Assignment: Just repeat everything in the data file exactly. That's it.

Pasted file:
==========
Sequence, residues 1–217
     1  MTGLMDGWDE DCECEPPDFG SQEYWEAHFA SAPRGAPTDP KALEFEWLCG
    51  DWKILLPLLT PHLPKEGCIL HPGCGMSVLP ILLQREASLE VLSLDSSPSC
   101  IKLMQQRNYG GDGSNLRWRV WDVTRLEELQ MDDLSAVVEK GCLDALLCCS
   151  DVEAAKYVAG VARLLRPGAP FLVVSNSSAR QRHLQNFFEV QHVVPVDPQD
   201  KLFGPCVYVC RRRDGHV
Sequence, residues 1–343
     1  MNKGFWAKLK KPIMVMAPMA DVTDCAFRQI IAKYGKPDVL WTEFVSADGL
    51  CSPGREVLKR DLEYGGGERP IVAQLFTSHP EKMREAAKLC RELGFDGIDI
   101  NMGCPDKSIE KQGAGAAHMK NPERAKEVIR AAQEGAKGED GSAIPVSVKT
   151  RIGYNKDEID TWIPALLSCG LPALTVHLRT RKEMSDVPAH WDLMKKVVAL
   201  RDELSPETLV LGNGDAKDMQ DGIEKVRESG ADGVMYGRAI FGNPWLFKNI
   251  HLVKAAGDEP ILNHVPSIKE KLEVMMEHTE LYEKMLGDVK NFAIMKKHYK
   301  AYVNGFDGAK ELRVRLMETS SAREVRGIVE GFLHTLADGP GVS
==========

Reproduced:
Sequence, residues 1–217
     1  MTGLMDGWDE DCECEPPDFG SQEYWEAHFA SAPRGAPTDP KALEFEWLCG
    51  DWKILLPLLT PHLPKEGCIL HPGCGMSVLP ILLQREASLE VLSLDSSPSC
   101  IKLMQQRNYG GDGSNLRWRV WDVTRLEELQ MDDLSAVVEK GCLDALLCCS
   151  DVEAAKYVAG VARLLRPGAP FLVVSNSSAR QRHLQNFFEV QHVVPVDPQD
   201  KLFGPCVYVC RRRDGHV
Sequence, residues 1–343
     1  MNKGFWAKLK KPIMVMAPMA DVTDCAFRQI IAKYGKPDVL WTEFVSADGL
    51  CSPGREVLKR DLEYGGGERP IVAQLFTSHP EKMREAAKLC RELGFDGIDI
   101  NMGCPDKSIE KQGAGAAHMK NPERAKEVIR AAQEGAKGED GSAIPVSVKT
   151  RIGYNKDEID TWIPALLSCG LPALTVHLRT RKEMSDVPAH WDLMKKVVAL
   201  RDELSPETLV LGNGDAKDMQ DGIEKVRESG ADGVMYGRAI FGNPWLFKNI
   251  HLVKAAGDEP ILNHVPSIKE KLEVMMEHTE LYEKMLGDVK NFAIMKKHYK
   301  AYVNGFDGAK ELRVRLMETS SAREVRGIVE GFLHTLADGP GVS